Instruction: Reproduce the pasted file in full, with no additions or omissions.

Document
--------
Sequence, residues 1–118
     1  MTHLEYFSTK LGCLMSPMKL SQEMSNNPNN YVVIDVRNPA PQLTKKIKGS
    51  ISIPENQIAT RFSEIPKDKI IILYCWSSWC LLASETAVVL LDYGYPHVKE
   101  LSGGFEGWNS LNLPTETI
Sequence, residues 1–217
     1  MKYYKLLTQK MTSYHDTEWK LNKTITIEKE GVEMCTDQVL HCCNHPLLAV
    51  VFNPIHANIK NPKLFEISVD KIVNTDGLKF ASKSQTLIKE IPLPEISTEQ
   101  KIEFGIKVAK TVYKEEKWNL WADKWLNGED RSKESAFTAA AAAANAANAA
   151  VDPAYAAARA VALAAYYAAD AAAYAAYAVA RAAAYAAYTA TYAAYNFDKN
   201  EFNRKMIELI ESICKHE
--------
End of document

Sequence, residues 1–118
     1  MTHLEYFSTK LGCLMSPMKL SQEMSNNPNN YVVIDVRNPA PQLTKKIKGS
    51  ISIPENQIAT RFSEIPKDKI IILYCWSSWC LLASETAVVL LDYGYPHVKE
   101  LSGGFEGWNS LNLPTETI
Sequence, residues 1–217
     1  MKYYKLLTQK MTSYHDTEWK LNKTITIEKE GVEMCTDQVL HCCNHPLLAV
    51  VFNPIHANIK NPKLFEISVD KIVNTDGLKF ASKSQTLIKE IPLPEISTEQ
   101  KIEFGIKVAK TVYKEEKWNL WADKWLNGED RSKESAFTAA AAAANAANAA
   151  VDPAYAAARA VALAAYYAAD AAAYAAYAVA RAAAYAAYTA TYAAYNFDKN
   201  EFNRKMIELI ESICKHE